It is worth repeating that substantial heterogeneity in the risk of cardiovascular disease exists among individuals with diabetes [4, 8]. This raises the question whether a more nuanced approach to the treatment of cardiovascular risk in individuals with diabetes should be considered. In one study, individuals with type 2 diabetes and multiple risk factors for cardiovascular disease had a 2 year rate of cardiovascular death, myocardial infarction or ischaemic stroke of 20% when levels of NT-proBNP, hsTnT and hsCRP were elevated. In contrast, the risk was only 1.6% for those with no elevation in any of these three biomarkers [8]. The absolute risk would likely be even lower in younger individuals with no clinical risk factors other than diabetes. According to both ESC/EASD and AHA/ACC guidelines, a 40-year-old individual with diabetes without any other clinical risk factors should be given statin therapy. However, if biomarker data revealed that this individual had an extremely low 10 year risk of cardiovascular events, it may be reasonable to defer statin therapy.

Thus, it remains possible, though unproven, that refinements in risk prediction may inform the application of current clinical guidelines, the aggressiveness of lipid reduction strategies, use of adjunctive medications beyond statins and communication of risk to patients. Very few publications have reported the impact of risk models on clinical management, not to mention clinical outcomes [9]. Well-designed, prospective studies examining the effectiveness of different screening and prevention strategies can be expensive and take many years to complete [29].

Cardiovascular risk and management in individuals with prediabetes

In contrast to diabetes, other states of hyperglycemia such as prediabetes (including impaired fasting glucose and impaired glucose tolerance) are not currently considered to be cardiovascular disease risk equivalents. Cardiovascular risk is elevated in individuals with prediabetes and hyperglycaemic conditions other than diabetes [34] but risk models such as the Framingham risk score and the AHA/ACC risk calculator do not account for these conditions. Moreover, there are no specific recommendations regarding the management of cardiovascular risk in individuals with prediabetes. Individuals with prediabetes are advised to institute healthy lifestyle changes (diet and exercise) but otherwise are treated the same as non-diabetic individuals regarding cardiovascular risk management. For instance, neither the ESC/EASD nor the AHA/ACC guidelines for lipid management currently distinguish between individuals with pre-diabetes and those without diabetes.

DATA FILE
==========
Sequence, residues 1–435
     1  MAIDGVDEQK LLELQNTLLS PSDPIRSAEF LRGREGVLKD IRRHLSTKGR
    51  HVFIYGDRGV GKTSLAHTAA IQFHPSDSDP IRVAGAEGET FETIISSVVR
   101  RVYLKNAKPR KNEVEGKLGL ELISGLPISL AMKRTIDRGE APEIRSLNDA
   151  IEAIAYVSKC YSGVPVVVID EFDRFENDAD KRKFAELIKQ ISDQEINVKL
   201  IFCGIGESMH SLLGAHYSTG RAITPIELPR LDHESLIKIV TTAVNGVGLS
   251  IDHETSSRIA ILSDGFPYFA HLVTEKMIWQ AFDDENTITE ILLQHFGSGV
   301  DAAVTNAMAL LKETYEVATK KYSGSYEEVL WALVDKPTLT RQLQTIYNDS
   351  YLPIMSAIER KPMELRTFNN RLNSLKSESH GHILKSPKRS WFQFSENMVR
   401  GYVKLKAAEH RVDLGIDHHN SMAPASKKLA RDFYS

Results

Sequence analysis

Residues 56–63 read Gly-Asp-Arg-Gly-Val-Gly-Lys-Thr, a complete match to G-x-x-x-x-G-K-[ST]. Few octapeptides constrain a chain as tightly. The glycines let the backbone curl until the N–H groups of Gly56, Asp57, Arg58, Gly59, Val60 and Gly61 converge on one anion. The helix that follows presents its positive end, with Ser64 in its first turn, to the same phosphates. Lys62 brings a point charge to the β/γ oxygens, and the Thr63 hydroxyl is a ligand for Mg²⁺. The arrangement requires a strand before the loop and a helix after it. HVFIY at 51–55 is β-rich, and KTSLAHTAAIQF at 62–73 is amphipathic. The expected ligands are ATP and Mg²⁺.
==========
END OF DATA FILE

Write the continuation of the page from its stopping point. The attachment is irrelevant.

Nonetheless, diabetes and prediabetes are not binary outcomes but rather fall along a continuum. Individuals with advanced prediabetes and those with early, mild diabetes may have a similar risk of cardiovascular disease. Thus, using the clinical onset of diabetes as the starting point for cardiovascular disease risk management may be too late. If biomarkers could refine the prediction of risk in prediabetic individuals, then those who would benefit from more aggressive risk management might be identified. An additional consideration is preventing diabetes itself since strategies aimed at preventing diabetes also lower cardiovascular disease risk. Identifying those at highest risk of developing diabetes would help target diabetes prevention efforts. Most of the currently known biomarkers offer only a modest improvement in risk prediction for type 2 diabetes beyond traditional risk factors [35]. However, recent technologies enabling high-throughput profiling of metabolic status (metabolomics) have identified novel biomarkers that improve prediction of diabetes and show promise for the future [36].

Biomarkers as an approach to increasing the efficiency of clinical trials

The US Food and Drug Administration requires that manufacturers of novel diabetes medications conduct large-scale outcomes trials to evaluate the cardiovascular risks of these drugs. Despite the elevated risk of cardiovascular disease in individuals with diabetes, short-term event rates are still moderate, meaning that very large sample sizes are required for adequately powered clinical trials. Accordingly, recent and ongoing cardiovascular trials of diabetes medications have had sample sizes of 3300–17,000 individuals [37]. Biomarkers that improve the identification of high-risk individuals with diabetes may allow smaller trials to be performed in these selected subgroups.

Future directions